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 Post subject: How to locate the gradient line on a symmetrical ball
PostPosted: Sun Dec 19, 2010 8:40 pm 

Joined: Thu Aug 27, 2009 10:43 pm
Posts: 1698
Location: Rochester NY
I have had several questions regarding how to locate the gradient line on a symmetrical ball.

I spoke with Mo about Symmetrical P-Hole locations, and this is what I came up with as a result of that conversation, the 2 different techniques to locating the gradient line.

Image
On the GT1(Grey) I used a line .5" parallel to the left of the grip centerline, and placed P4 where a 6 3/4" arc centered on the pin intersects that line.

On the TR2(Blue) I used the "projected PSA" of a line from pin through CG and placed P4 at 6 3/4" from the pin.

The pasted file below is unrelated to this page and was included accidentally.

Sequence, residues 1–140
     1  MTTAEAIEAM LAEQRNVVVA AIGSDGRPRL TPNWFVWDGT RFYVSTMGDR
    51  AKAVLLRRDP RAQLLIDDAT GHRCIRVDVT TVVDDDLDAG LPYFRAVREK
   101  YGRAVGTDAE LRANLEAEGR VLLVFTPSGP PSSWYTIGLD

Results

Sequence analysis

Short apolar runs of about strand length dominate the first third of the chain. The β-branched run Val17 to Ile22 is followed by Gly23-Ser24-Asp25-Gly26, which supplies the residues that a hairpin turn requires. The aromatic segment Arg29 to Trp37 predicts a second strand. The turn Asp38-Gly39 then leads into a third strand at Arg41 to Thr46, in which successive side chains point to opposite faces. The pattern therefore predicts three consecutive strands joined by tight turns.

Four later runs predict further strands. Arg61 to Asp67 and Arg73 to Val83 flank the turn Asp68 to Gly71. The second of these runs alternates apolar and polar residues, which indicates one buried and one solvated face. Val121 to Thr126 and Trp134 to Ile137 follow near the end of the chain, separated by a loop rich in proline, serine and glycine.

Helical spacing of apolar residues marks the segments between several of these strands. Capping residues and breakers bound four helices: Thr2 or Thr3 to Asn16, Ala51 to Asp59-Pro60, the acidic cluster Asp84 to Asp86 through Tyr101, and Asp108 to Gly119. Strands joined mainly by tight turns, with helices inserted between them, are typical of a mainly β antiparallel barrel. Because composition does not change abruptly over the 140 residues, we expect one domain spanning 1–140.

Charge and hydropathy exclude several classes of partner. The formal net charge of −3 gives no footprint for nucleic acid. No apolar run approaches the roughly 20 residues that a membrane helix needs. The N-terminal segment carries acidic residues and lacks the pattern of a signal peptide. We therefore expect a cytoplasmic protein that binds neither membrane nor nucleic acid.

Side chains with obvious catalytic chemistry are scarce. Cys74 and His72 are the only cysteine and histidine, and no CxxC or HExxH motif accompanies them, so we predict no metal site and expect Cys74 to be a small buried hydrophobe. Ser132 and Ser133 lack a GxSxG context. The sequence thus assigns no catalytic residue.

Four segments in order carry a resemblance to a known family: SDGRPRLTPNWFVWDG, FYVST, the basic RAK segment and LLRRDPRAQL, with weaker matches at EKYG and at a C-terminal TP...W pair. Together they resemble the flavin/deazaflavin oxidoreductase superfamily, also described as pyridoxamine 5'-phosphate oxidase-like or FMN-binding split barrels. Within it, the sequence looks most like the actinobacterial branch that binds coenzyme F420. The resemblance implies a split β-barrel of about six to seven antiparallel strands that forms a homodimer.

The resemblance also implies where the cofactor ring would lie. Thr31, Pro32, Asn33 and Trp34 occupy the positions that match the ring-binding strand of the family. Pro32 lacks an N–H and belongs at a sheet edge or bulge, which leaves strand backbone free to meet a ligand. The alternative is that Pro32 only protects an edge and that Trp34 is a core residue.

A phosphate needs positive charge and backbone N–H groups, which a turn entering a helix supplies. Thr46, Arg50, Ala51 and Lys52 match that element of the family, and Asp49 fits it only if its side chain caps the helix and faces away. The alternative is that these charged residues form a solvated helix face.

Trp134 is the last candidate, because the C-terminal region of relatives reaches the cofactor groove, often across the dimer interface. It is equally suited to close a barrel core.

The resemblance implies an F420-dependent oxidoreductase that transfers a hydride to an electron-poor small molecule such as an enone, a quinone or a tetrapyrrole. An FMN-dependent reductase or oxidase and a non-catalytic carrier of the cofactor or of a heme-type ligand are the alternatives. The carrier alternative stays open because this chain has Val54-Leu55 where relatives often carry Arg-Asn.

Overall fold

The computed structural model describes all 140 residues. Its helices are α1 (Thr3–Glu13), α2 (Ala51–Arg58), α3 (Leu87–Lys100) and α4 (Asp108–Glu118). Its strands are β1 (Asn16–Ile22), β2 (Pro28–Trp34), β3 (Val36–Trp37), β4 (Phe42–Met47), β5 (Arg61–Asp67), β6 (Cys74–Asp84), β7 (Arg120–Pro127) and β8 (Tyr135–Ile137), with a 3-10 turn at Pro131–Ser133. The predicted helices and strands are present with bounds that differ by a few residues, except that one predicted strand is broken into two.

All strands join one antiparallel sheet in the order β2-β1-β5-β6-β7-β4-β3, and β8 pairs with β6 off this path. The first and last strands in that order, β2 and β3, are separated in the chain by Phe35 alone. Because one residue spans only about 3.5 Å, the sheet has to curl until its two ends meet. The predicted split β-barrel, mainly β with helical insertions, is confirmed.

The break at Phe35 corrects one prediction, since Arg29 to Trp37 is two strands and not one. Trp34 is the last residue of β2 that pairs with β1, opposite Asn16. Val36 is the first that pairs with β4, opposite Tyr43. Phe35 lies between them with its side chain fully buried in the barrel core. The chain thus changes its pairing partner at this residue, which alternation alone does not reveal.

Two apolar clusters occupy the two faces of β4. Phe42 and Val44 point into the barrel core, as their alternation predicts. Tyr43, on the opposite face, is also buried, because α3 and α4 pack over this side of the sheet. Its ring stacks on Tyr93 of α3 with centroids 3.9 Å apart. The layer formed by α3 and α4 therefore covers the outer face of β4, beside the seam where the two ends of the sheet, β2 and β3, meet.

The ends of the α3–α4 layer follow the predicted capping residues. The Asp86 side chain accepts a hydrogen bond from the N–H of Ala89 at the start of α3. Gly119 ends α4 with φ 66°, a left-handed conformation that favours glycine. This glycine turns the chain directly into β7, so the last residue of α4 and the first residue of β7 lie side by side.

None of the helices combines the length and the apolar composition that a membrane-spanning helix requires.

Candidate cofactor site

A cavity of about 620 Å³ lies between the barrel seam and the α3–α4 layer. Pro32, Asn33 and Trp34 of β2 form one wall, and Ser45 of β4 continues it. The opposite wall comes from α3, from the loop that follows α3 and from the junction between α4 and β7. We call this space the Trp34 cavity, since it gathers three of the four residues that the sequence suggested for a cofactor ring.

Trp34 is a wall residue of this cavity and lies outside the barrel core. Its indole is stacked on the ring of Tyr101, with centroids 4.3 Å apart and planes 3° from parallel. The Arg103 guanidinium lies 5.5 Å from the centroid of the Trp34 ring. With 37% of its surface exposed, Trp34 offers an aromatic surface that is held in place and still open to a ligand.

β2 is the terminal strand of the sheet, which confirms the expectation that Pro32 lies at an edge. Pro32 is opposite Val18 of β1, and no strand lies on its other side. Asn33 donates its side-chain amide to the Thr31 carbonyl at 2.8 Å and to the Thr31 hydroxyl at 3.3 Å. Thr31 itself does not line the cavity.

You use "projected PSA" when you wish to create an earlier reaction with smaller drilling angles because this moves the PSA further from the thumb.

You use the parallel method when you wish to have the ball react a bit harder after the hole is drilled.


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 Post subject: Re: How to locate the gradient line on a symmetrical ball
PostPosted: Sun Dec 19, 2010 9:45 pm 

Joined: Thu Jul 02, 2009 4:01 pm
Posts: 526
Thank you for this info. I will keep these concepts in mind when I drill sym-balls in the future. You da' man, JW !!!

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 Post subject: Re: How to locate the gradient line on a symmetrical ball
PostPosted: Sun Dec 19, 2010 10:03 pm 

Joined: Tue Aug 31, 2010 6:26 pm
Posts: 77